Communities and local government secretary Hazel Blears has urged councils to use their influence over health and education to compensate for financial hardship.
Ms Blears admitted that the comprehensive spending review had given local government a "tight" settlement, but insisted councils could act on priorities using budgets pooled with public sector partners.
Speaking to LGC at the Society of Local Authority Chief Executives & Senior Managers conference, she said councils could exercise a "wider influence over wider resources".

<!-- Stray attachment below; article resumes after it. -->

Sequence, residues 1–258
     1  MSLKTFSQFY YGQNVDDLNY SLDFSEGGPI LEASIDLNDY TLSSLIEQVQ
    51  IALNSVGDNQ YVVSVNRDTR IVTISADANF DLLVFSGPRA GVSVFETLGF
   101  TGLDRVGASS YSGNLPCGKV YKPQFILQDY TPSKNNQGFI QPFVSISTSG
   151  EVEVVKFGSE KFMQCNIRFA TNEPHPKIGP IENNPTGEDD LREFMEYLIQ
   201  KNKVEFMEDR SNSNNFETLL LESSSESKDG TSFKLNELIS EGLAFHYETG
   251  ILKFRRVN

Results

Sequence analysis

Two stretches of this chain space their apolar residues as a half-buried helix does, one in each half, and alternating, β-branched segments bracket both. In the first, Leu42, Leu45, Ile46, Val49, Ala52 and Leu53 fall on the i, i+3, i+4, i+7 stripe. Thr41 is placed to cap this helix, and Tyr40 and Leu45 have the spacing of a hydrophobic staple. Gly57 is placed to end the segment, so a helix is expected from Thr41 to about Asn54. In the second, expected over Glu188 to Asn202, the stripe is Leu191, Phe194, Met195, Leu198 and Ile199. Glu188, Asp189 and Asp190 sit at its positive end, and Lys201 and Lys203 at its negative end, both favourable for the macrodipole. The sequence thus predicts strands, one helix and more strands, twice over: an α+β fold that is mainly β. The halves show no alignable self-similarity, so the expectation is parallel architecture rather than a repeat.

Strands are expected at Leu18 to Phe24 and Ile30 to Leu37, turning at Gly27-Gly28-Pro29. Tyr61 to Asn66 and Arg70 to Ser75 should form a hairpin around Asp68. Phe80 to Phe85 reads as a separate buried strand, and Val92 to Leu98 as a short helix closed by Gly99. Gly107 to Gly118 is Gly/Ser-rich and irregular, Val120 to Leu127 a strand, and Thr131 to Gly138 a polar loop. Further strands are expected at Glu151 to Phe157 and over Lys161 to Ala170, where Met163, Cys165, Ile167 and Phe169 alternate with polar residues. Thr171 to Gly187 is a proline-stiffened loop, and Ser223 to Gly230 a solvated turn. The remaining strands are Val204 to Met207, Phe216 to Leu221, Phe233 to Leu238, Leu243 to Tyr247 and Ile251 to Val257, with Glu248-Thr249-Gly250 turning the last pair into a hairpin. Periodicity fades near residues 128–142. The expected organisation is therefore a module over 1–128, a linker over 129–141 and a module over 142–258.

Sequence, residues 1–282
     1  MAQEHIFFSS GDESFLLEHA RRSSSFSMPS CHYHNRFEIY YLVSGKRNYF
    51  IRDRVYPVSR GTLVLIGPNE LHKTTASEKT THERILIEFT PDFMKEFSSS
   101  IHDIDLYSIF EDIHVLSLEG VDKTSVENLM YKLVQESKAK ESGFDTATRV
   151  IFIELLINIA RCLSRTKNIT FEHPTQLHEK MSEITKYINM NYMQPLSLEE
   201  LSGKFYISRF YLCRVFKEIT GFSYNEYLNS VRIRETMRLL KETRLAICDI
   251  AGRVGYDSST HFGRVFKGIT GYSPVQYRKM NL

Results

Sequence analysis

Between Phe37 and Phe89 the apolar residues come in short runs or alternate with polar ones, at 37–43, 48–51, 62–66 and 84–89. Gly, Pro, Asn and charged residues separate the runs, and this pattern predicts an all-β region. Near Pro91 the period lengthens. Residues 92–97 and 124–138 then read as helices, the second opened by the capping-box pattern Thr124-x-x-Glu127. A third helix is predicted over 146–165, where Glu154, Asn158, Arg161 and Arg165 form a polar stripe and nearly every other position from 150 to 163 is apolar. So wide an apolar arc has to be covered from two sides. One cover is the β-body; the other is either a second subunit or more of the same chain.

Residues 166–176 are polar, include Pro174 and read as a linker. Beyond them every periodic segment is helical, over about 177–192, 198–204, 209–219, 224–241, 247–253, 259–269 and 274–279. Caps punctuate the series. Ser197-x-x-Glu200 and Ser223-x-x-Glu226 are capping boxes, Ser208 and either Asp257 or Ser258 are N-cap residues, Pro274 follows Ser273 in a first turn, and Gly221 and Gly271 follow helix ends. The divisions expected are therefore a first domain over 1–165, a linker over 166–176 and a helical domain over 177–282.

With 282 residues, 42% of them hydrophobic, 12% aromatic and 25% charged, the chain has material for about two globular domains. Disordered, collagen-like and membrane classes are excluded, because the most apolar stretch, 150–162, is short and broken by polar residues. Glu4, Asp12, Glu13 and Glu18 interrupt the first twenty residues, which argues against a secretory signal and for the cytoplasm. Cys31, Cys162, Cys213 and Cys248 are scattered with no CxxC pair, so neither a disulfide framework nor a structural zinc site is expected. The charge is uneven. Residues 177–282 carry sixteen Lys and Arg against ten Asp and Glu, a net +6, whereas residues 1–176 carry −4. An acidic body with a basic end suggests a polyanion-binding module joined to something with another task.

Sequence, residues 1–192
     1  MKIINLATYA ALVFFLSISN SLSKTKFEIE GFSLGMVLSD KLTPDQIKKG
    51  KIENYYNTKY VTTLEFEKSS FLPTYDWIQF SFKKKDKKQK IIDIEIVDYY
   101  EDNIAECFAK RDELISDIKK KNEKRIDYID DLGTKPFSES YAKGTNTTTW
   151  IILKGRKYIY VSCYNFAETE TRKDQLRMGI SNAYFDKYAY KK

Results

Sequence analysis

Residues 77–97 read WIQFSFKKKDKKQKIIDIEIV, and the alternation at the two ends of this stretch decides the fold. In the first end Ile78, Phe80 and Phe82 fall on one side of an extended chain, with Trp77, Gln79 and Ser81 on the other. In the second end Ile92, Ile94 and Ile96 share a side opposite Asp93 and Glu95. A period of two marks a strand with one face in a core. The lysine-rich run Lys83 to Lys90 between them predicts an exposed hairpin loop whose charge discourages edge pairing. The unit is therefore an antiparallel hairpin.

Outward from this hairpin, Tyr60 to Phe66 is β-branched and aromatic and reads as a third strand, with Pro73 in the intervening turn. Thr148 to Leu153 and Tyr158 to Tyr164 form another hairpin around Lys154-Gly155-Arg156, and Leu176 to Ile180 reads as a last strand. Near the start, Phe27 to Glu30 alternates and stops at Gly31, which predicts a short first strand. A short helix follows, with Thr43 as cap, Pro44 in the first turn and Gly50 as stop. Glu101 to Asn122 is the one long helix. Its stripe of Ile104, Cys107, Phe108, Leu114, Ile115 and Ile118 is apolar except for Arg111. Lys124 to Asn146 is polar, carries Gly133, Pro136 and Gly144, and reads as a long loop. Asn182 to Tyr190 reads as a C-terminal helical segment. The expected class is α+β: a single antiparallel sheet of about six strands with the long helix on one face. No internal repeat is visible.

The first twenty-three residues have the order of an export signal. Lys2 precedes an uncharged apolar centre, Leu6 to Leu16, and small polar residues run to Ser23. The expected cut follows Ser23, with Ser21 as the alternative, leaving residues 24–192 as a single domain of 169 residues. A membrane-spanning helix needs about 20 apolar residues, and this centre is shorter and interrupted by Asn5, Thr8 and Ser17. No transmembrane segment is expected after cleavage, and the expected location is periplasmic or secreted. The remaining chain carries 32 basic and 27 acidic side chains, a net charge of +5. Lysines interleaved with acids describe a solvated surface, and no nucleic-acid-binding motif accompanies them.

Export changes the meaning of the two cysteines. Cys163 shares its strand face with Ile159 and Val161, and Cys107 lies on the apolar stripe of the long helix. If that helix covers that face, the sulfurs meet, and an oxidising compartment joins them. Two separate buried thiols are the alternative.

She said: "It's false to say that local government has not been favoured in the way health and education have. Health and education are our political priorities it doesn't mean local government doesn't have a say."
She also defended the government's response to Sir Michael Lyons' review, insisting Sir Michael said "council tax wasn't broke" so there was "no need to have a fundamental change around council tax".
She did add there was a need to maximise take-up of council tax benefits to protect the poorest.
Earlier, Ms Blears urged councils to make the most of new freedoms to demonstrate a "mature approach to governing, not waiting for permission fromWhitehall".